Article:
Abstract



The modal analysis of a structural system consists on computing its vibrational modes. The experimental way to estimate these modes requires to excite the system with a measured or known input and then to measure the system output at different points using sensors. Finally, system inputs and outputs are used to compute the modes of vibration. When the system refers to large structures like buildings or bridges, the tests have to be performed in situ, so it is not possible to measure system inputs such as wind, traffic,... Even if a known input is applied, the procedure is usually difficult and expensive, and there are still uncontrolled disturbances acting at the time of the test. These facts led to the idea of computing the modes of vibration using only the measured vibrations and regardless of the inputs that originated them, whether they are ambient vibrations (wind, earthquakes, ...) or operational loads (traffic, human loading,...). This procedure is usually called Operational Modal Analysis (OMA), and in general consists on to fit a mathematical model to the measured data assuming the unobserved excitations are realisations of a stationary stochastic process (usually white noise processes). Then, the modes of vibration are computed from the estimated model. The first issue investigated in this thesis is the performance of the ExpectationMaximisation (EM) algorithm for the maximum likelihood estimation of the state space model in the field of OMA. The algorithm is described in detail and it is analysed how to apply it to vibration data. After that, it is compared to another well known method, the Stochastic Subspace Identification algorithm. The maximum likelihood estimate enjoys some optimal properties from a statistical point of view what makes it very attractive in practice, but the most remarkable property of the EM algorithm is that it can be used to address a wide range of situations in OMA. In this work, three additional state space models are proposed and estimated using the EM algorithm:  The first model is proposed to estimate the modes of vibration when several tests are performed in the same structural system. Instead of analyse record by record and then compute averages, the EM algorithm is extended for the joint estimation of the proposed state space model using all the available data.  The second state space model is used to estimate the modes of vibration when the number of available sensors is lower than the number of points to be tested. In these cases it is usual to perform several tests changing the position of the sensors from one test to the following (multiple setups of sensors). Here, the proposed state space model and the EM algorithm are used to estimate the modal parameters taking into account the data of all setups.  And last, a state space model is proposed to estimate the modes of vibration in the presence of unmeasured inputs that cannot be modelled as white noise processes. In these cases, the frequency components of the inputs cannot be separated from the eigenfrequencies of the system, and spurious modes are obtained in the identification process. The idea is to measure the response of the structure corresponding to different inputs; then, it is assumed that the parameters common to all the data correspond to the structure (modes of vibration), and the parameters found in a specific test correspond to the input in that test. The problem is solved using the proposed state space model and the EM algorithm.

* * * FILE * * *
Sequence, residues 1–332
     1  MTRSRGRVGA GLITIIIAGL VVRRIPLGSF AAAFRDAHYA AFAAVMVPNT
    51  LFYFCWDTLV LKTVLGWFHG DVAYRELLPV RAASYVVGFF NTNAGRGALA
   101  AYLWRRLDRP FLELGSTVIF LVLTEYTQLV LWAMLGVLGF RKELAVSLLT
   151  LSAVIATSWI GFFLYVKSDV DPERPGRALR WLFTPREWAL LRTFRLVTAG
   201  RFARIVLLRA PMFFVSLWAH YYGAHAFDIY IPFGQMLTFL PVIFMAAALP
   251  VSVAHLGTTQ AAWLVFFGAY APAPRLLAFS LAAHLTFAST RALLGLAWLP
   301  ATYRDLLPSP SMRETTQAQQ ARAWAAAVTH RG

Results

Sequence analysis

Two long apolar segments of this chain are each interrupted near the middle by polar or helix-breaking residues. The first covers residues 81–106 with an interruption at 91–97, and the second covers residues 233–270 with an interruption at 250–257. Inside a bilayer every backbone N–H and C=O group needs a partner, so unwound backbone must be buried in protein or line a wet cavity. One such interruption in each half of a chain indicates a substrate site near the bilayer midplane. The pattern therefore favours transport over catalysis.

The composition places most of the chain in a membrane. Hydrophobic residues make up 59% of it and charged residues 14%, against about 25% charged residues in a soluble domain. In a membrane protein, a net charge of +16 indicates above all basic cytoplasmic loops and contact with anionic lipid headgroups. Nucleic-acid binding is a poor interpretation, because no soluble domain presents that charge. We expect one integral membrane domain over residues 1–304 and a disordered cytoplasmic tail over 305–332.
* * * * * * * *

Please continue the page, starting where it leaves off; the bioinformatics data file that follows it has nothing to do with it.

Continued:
International

Si 


Type

Doctoral 
Mark Rating

Sobresaliente cum laude 
Date

21/10/2013